The Hunger was the first feature helmed by Scott, who had directed commercials for two decades. Oozing with stylish pansexual chic, the film pairs Deneuve’s vampiress, thousands of years old but forever young, with infamously gender-tweaking, AC/DC David Bowie, playing her bloodsucking but rapidly aging husband, John. After snacking on some new-wave cuties they picked up in a Bauhaus-headlining dance club, Miriam and John return to their Upper East Side marble palazzo, where sheer curtains blow, doves cry, corpses pile up—and straight women fall into Miriam’s mirrored bed.

Miriam’s latest conquest is progeria expert Sarah Roberts (Susan Sarandon), initially sought out by John, who’s desperate to stop withering away. Paying a house call, Sarah is greeted at the door by Mrs. Blaylock; the scientist is so dazed by the undead’s beauty that she’s almost run over by an eighteen-wheeler. When Sarah returns, Miriam, with perfectly marcelled hair pulled back in a chignon, follows the etiquette of the aristocratic, lavender-leaning, bloodthirsty seductress: She offers her guest sherry and plays her extracts from Lakmé on her piano. Though the love scene that follows looks like the slo-mo, heavily art-directed soft-core that was a staple on Cinemax for years, Deneuve’s high-femme hauteur and Sarandon’s soft-butch bi-curiosity slowly ignite into sweaty lust on-screen.

“She’s just that kind of woman. She’s . . . European,” Sarah, still feverish with dyke desire, will later describe Miriam in not-so-coded language to her suspicious boyfriend. Part of Miriam’s allure, of course, is that she is played by the world’s most famous Frenchwoman—a position Deneuve still holds almost thirty years later. (The actress was thirty-nine when Scott’s film was released.) The Hunger wasn’t Deneuve’s first foray into same-sexing—there are hints of lesbian frisson in Buñuel’s Belle de Jour (1967)—or her last (see André Téchiné’s 1996 Thieves and François Ozon’s 8 Women from 2002). But flawless, intoxicating lady-killer Miriam Blaylock remains Deneuve’s signature lez role—and a reminder of the debauched fun vampires used to have before the virginal teens of Twilight took over.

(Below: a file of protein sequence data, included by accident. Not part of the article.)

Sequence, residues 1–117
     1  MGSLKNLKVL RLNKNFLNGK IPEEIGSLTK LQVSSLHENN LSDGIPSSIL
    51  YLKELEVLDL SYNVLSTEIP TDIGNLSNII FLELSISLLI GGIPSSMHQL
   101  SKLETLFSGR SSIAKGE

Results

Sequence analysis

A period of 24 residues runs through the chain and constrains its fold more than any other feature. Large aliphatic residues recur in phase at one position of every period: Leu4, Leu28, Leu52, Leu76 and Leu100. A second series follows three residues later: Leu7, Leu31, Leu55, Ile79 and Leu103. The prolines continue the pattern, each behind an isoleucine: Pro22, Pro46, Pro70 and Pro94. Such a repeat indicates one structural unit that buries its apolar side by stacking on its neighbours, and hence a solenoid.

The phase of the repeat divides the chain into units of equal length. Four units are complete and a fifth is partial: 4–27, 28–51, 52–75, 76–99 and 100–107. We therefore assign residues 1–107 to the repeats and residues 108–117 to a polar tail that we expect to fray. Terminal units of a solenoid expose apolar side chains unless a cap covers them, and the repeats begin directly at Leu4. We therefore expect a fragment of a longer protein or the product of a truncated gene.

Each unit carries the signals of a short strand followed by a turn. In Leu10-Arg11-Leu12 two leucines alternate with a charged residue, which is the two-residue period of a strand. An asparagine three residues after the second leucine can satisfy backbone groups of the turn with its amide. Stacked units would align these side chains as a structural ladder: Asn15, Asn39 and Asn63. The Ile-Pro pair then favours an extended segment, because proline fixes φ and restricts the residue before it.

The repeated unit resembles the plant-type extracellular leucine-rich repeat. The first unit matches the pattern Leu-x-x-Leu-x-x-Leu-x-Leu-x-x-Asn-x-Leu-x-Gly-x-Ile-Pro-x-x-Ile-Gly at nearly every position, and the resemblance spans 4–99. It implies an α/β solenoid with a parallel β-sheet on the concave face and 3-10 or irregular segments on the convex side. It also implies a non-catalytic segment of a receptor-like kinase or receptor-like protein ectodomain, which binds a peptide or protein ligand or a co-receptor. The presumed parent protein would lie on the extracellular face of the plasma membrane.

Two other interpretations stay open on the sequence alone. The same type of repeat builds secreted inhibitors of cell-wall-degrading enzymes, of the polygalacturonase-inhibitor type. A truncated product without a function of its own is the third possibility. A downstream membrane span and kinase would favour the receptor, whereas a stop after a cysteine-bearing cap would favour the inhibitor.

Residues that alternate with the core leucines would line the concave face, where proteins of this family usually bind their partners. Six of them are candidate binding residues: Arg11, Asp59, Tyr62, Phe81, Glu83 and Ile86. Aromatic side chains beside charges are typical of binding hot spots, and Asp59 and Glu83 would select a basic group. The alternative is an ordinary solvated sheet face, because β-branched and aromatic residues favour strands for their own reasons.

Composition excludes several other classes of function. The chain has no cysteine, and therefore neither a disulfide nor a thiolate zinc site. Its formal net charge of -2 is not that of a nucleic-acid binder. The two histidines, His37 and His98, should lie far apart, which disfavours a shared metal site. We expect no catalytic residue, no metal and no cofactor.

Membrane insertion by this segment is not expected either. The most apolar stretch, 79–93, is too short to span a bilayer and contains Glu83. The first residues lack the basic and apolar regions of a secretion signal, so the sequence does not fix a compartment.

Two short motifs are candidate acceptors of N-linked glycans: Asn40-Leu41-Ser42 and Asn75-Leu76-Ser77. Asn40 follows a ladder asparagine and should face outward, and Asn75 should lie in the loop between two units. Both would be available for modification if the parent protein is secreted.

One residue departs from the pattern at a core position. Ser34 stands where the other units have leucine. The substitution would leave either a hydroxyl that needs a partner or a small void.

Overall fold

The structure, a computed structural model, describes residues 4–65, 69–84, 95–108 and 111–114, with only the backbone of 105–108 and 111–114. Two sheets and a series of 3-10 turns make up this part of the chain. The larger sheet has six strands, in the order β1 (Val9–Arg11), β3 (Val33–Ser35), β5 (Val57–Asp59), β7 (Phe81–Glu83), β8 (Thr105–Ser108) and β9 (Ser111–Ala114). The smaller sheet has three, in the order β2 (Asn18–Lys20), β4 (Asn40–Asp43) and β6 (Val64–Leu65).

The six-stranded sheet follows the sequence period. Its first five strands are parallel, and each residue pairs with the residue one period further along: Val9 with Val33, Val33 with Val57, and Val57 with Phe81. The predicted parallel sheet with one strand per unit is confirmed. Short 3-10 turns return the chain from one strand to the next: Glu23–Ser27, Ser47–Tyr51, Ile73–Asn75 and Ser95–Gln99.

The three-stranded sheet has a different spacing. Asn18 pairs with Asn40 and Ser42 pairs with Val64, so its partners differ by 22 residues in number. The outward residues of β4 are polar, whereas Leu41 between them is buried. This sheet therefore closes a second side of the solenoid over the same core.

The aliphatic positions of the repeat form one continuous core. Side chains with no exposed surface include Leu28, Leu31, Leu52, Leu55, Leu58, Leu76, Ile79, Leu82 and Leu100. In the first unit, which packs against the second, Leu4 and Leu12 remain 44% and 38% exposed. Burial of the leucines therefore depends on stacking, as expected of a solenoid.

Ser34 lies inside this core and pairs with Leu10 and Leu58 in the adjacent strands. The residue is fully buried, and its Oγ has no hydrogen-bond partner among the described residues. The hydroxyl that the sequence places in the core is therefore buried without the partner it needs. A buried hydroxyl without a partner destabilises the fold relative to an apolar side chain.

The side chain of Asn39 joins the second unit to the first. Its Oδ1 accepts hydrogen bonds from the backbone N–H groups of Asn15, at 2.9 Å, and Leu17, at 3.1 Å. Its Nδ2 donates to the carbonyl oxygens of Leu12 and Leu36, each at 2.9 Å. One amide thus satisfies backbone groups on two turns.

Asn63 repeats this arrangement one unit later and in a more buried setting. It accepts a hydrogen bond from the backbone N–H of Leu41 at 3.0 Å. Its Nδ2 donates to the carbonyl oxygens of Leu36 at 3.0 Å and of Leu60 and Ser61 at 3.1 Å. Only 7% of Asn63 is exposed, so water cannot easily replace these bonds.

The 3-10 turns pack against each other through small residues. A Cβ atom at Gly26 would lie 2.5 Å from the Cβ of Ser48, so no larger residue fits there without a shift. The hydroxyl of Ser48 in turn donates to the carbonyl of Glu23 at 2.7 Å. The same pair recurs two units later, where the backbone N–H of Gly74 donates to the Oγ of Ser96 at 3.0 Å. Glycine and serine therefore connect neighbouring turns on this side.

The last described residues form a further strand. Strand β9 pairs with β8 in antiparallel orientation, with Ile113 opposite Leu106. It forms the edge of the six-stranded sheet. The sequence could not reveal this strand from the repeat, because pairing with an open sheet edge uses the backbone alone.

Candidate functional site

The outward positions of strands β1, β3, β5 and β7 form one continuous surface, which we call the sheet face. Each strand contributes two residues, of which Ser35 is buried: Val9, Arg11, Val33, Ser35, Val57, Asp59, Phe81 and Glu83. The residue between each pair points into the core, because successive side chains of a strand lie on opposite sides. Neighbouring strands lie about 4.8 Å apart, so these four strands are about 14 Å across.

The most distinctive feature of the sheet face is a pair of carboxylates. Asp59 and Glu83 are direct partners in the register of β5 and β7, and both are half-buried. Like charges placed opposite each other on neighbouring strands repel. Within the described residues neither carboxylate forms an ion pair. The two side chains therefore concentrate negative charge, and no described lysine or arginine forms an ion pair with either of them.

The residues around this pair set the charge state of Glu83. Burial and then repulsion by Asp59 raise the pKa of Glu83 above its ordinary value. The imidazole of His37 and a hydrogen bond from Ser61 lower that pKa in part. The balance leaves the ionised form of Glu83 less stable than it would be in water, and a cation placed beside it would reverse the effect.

Melissa Anderson

The Hunger plays at BAMcinématek in Brooklyn September 15 as part of the series “Bela Lugosi’s Dead, Vampires Live Forever.” For more details, click here.

Key Figure


Michèle Hozer and Peter Raymont, Genius Within: The Inner Life of Glenn Gould, 2009, black-and-white and color film, 109 minutes. Left: Cornelia Foss and Glenn Gould on the cruise ship the R.M.S. Segwun, Lake Muskoka, Ontario, June 1968. Personal photo of Christopher Foss. Right: Glenn Gould in Nassau, Bahamas, 1956. Photo: Jock Carroll.

ASIDE FROM THE ABSURD TITLE and what has become a conventional—but in my book, cavalier—use of re-creations, Michèle Hozer and Peter Raymont’s documentary about Glenn Gould is both an excellent primer and a reminder of just how revelatory it was to hear, for the first time, Gould’s Bach recordings. By foregrounding the structure of the music, he made the Baroque sound utterly modern. (I’d say the same for his readings of Beethoven, although others might disagree.)

As more than a few of the authoritative talking heads attest in Genius Within: The Inner Life of Glenn Gould—it really is a laughable title—the Canadian pianist was one of the twentieth century’s greatest keyboard artists. He gave his first solo recital in Toronto in 1947 at age fourteen and made his New York debut eight years later. His instant stardom was attributable to his dazzling piano technique and a musical intelligence that allowed him to radically rethink and hear afresh the warhorses of the classical repertory. It didn’t hurt that he was wildly handsome and, like many shy people, clownishly funny, and that his method of fingering the keys—he used a custom-made piano chair that was only fourteen inches high and allowed him to attack the piano from below—was as weird as it was effective. He also sang quite loudly when he played, as if his voice could coax from the piano exactly the sound he heard in his head.

The day after his first New York appearance, he signed an exclusive recording contract with Columbia. The movie includes an amusing and touching sequence of Gould in the Columbia studio telling a skeptical producer that he’s going to begin with the Goldberg Variations. The recording became a classical best seller. In 1981, a year before his death at age fifty, Gould made a second, very different recording of the same work. The two bookend his career and in retrospect become a meditation on mortality.

Hozer and Raymont’s movie is a fast-moving clip job, but it is no less fascinating for it. There are about a half dozen documentaries about Gould, as well as an archive of radio and television programs that Gould himself produced after 1964, when he stopped performing live, explaining that he hated playing on strange pianos in strange halls and having to deal with various conductors, some of whom could not comprehend what he was doing. At the opening of the film Gould describes himself as existing entirely within media, and in the second half of his career, he took control of the analog recording studio in a way that prefigures the digital age. An illuminating sequence has Gould and his audio engineer at work, Gould hovering over the mixing board offering suggestions and then taking control of the dials himself.